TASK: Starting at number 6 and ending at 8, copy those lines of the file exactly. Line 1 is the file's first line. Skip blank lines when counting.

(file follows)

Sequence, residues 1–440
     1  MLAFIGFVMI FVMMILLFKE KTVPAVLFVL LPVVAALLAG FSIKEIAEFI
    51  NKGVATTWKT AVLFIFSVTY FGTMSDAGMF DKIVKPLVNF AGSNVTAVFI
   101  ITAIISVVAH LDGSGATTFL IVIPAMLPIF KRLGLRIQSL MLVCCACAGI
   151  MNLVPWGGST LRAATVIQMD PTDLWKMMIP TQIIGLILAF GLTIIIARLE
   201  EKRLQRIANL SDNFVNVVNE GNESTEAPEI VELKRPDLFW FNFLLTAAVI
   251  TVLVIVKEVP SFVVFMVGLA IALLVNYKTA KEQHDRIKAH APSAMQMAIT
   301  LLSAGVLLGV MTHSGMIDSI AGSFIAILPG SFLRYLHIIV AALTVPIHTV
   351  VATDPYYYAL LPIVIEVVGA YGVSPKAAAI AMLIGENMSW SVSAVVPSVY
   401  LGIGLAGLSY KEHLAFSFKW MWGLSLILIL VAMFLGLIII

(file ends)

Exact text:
   201  EKRLQRIANL SDNFVNVVNE GNESTEAPEI VELKRPDLFW FNFLLTAAVI
   251  TVLVIVKEVP SFVVFMVGLA IALLVNYKTA KEQHDRIKAH APSAMQMAIT
   301  LLSAGVLLGV MTHSGMIDSI AGSFIAILPG SFLRYLHIIV AALTVPIHTV